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By Henry A. Barrios/ The Californian
By Jose Gaspar
One year after schools in Wasco tried to create a new school district by unifying its elementary and high school districts into one, the same effort is brewing in Shafter. But the current process under way there has already dissolved into split camps with accusations of secret meetings by certain parties pushing their own agenda.
First, some background.
"The Richland School District, an elementary school district, desires to reorganize itself into a new unified school district, absorbing Shafter High School as part of the newly unified district," states a recently released feasibility study on the issue.
According to Richland Superintendent Ken Bergevin, the study was completed in collaboration with the Kern High School District, School Services of California, a private consultant company and the Fresno law firm of Lozano Smith.
The feasibility study examined the nine criteria set forth by the state Education Code and Government Code and concluded unification in Shafter met all legal norms. The nine benchmarks are adequate number of pupils; community identity; equitable division of property/facilities; discrimination/segregation; no substantial increase in state costs; sound educational program; no increase in state housing costs; increased property values; and effect on fiscal status and management.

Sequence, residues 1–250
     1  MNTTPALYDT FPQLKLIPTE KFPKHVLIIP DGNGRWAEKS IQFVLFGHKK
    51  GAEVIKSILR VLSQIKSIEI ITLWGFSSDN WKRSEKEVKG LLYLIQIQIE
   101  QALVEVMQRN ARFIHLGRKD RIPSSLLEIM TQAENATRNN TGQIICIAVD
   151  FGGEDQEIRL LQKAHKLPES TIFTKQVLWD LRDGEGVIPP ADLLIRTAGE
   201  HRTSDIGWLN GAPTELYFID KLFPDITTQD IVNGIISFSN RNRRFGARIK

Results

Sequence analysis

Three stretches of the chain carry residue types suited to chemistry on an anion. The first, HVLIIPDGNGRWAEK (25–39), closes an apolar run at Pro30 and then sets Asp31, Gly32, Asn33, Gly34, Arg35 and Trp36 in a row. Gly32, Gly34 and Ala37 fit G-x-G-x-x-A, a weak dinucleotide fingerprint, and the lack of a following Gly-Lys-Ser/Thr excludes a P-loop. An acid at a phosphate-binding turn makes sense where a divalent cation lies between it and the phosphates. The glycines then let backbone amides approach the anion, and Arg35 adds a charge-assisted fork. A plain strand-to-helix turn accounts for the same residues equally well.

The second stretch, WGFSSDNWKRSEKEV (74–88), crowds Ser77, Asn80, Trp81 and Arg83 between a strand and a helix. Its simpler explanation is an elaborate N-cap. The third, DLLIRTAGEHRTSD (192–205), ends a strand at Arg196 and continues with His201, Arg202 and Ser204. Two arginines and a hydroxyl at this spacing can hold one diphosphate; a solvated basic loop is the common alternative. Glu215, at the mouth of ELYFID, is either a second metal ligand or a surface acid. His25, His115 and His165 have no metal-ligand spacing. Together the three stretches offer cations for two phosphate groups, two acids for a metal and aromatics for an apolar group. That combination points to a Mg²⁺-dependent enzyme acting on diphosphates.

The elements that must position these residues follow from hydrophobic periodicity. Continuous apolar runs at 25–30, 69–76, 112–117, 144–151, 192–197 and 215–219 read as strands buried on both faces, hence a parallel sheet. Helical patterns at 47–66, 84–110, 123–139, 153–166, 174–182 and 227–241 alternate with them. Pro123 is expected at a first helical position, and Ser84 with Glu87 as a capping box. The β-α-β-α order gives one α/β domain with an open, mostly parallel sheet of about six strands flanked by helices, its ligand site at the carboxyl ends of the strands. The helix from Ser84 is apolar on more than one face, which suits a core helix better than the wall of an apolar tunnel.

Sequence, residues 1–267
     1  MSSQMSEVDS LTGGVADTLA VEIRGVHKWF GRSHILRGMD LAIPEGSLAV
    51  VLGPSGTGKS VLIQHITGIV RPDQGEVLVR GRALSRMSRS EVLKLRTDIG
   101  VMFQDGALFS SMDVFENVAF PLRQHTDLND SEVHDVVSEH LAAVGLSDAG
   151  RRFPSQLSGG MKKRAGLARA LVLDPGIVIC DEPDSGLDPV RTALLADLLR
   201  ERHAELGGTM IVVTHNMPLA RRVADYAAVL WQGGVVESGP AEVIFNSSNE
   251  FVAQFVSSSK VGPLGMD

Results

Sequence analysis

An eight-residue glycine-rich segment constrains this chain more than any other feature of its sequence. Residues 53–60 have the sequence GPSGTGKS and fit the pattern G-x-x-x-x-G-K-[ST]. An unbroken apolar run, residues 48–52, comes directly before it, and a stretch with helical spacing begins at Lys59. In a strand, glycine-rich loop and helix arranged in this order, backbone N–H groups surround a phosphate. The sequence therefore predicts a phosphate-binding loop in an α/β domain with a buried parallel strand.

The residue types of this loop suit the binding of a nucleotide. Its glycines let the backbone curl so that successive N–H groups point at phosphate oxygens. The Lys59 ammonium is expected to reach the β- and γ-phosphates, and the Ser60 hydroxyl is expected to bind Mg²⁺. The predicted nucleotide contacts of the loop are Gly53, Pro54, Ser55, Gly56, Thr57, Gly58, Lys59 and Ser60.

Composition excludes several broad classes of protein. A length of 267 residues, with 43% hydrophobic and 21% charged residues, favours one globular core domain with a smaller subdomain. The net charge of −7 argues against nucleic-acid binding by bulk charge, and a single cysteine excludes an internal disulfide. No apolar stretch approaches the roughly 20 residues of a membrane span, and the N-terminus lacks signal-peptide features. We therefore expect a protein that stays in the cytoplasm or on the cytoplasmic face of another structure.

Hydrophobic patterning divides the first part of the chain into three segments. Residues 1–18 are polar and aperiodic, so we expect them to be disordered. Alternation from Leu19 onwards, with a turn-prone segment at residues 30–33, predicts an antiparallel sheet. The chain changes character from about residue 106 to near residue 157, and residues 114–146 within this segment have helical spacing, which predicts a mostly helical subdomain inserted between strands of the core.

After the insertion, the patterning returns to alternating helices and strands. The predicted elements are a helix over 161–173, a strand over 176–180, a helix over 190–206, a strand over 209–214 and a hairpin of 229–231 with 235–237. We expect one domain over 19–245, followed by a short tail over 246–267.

So why does Richland wish to "absorb" Shafter High, which is part of the Kern High School District? And what would the consequences be for students, teachers, staff and the community as a whole?
So many different answers -- and non-answers -- depending on whom you ask.
One person who is convinced that a single K-12 unified school district is good for Shafter is Eli Espericueta, who has two children who will eventually be attending Shafter High.
"Everything just seems to make so much sense," said Espericueta, part of a group called Citizens for United Shafter Schools. He describes the group as a loose-knit coalition of citizens who think unification is a good idea and want to make it happen.
Espericueta said the group is not part of the Richland School District and has no elected officers, no elected anything. Espericueta points out that Shafter is its own community with unique needs that can be better met if Shafter High School were part of a single unified school district rather than under the control of KHSD.
"We're very much different than schools in Bakersfield," he said. None of the current KHSD board members lives in Shafter. The group contends the community would be better-served by electing its own representatives.
But teachers in both Richland and at Shafter High have a different view. For starters, there's the prickly issue of salaries and benefits. If unification were to happen, teachers and classified staff would have to negotiate a new salary schedule with the new unified school district. And while the feasibility study contends that establishing a new salary schedule is "achievable," teachers note there are no guarantees.